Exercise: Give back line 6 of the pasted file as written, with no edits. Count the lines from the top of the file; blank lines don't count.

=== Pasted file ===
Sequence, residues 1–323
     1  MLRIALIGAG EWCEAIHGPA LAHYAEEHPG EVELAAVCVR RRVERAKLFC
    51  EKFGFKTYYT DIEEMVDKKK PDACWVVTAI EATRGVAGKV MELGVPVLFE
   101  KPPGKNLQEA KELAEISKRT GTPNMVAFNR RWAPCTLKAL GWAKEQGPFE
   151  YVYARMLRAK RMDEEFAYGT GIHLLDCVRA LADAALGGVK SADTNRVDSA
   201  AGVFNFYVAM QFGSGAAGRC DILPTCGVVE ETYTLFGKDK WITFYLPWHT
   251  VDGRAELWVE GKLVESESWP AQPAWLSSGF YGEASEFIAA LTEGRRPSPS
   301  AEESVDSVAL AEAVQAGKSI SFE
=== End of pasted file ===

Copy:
   201  AGVFNFYVAM QFGSGAAGRC DILPTCGVVE ETYTLFGKDK WITFYLPWHT